The largest animals – elephants, rhinoceroses and hippopotamuses – were too big for the hoists and would have entered through a gate directly into the arena.

Tourists will be able to see the remains of a sophisticated sewerage system which provided the Colosseum’s enormous crowds with dozens of drinking fountains and lavatories and even enabled the arena to be flooded for mock naval battles involving hundreds of gladiators on ships.

Roman bricks still line the floors of the dungeons and tunnels and stone stairways connect the two underground levels.

An underground passageway, which still exists, linked the Colosseum with a nearby gladiator barracks, the “ludus magnus”, the remains of which are also still visible.

Gladiators – who were mostly common criminals, slaves and prisoners of war – would emerge into the arena to the applause of 50,000 spectators.

Those that were killed in combat were carried out of the amphitheatre through the Porta Libitina – the Gate of Death.

“You can imagine being a gladiator and listening to the roar of those 50,000 people coming through the floorboards – that is what is magnificent about being down here,” said Darius Arya, the director of archaeology of the American Institute for Roman Culture.

“The animals would have been prepared for slaughter, or slaughtering: there were bears, boars, lions, tigers, even crocodiles. People would have been working on hoisting 20ft tall stage sets into the arena – there was more backstage pressure than for a Broadway show. The smell and the heat would have been incredible, especially in summer, and it would all have been done by candlelight.”

Opening up the underground area is intended to relieve crowding at one of Italy’s most popular ancient monuments – an average of 20,000 people converge on the Colosseum each day. Until now, only about 35 per cent of the vast stone-built stadium has been accessible.

The newly opened areas will be open to guided tours of a maximum of 25 people at a time.

“It is the first time people will have the chance to go down into the places where games and shows were organised,” said Rossella Rea, the director of the Colosseum.

However, Dr Arya said: “It’s great that these new areas are open but I’m concerned because there’s going to be a lot more traffic and a lot more wear and tear.

“They need to make sure that it is not trampled on. The conservator in me asks what guarantees are there that the place will still be in good shape in five or 10 years’ time.”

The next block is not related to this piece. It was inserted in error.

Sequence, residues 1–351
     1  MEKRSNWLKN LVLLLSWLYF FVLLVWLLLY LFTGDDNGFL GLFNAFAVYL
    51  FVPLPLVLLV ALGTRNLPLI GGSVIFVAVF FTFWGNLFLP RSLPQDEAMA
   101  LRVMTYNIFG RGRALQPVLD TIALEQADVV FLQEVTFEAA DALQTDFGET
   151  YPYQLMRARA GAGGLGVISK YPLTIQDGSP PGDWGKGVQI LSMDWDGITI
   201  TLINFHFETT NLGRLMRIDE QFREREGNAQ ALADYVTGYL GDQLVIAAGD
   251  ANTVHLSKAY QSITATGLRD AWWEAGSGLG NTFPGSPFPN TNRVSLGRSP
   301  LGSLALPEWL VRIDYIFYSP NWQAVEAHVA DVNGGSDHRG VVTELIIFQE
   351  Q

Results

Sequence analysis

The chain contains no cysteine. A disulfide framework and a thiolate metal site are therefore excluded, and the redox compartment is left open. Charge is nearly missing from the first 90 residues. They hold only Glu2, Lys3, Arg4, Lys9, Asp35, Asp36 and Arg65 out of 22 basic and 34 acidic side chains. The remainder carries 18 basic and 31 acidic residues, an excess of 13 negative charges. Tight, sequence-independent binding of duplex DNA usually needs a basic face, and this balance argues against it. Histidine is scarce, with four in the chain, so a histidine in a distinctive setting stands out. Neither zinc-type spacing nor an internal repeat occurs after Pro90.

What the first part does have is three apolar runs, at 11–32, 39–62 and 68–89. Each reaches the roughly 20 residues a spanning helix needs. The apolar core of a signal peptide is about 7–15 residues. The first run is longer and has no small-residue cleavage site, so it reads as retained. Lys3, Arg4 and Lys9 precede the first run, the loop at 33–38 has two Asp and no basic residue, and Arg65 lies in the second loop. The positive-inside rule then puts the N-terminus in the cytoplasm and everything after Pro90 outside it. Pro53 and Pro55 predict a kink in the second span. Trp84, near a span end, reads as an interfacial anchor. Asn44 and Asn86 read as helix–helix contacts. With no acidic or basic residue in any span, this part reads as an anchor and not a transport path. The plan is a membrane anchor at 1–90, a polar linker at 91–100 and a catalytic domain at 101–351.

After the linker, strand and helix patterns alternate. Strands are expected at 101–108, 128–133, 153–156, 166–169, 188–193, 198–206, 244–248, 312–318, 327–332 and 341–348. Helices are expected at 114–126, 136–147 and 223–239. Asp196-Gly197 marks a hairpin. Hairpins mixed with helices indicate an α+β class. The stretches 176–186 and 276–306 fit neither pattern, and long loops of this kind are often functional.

Visitors will also be able to access, for the first time in about 40 years, the third highest of four tiers of seating, which in Roman times was reserved for poor citizens, freed slaves and foreigners.

The Colosseum was started by the emperor Vespasian in AD70 and completed 10 years later by his son, Titus, who held a 100 day inauguration festival in which 9,000 animals were killed.

From Telegraph.

What lies below the Temple of the Feathered Serpent in Teotihuacan?

From ArtDaily:

After eight months of excavation, archaeologists from the National Institute of Anthropology and History (INAH) have located, 12 meters below , the entrance to the tunnel leading to a series of galleries beneath the Temple of the Feathered Serpent, in the Archaeologcial Area of Teotihuacan, where the remains of rulers of the ancient city could have been deposited.

In a tour made by to site today with the media, archaeologist Sergio Chavez Gomez, director of the Tlalocan Project went below the ground and announced the advances in the systematic exploration undertaken by the INAH of the underground conduit, which was closed for about 1,800 years by the inhabitants of Teotihuacan themselves and where no one has gone in since then.

Teotihuacan – Temple of the Feathered Serpent (Photo:jschmeling)

INAH specialists hope to enter the tunnel in a couple of months and will be the first to enter after hundreds of years since it was closed. This excavation, which represents the most profound that has been done in the pre-Hispanic site, is part of the commemorations for the first 100 years of uninterrupted archaeological explorations (made in 1910) also called the City of Gods.

Gómez Chávez explained that the tunnel passes under the Temple of the Feathered Serpent, the most important building of the Citadel, “and the entry was located a few meters from the pyramid.

Access is by a vertical shaft of about five meters per side down to a depth of 14 meters from the surface, the entrance leads into a long corridor with an estimated length of 100 meters which ends in a series of underground chambers excavated in the rock.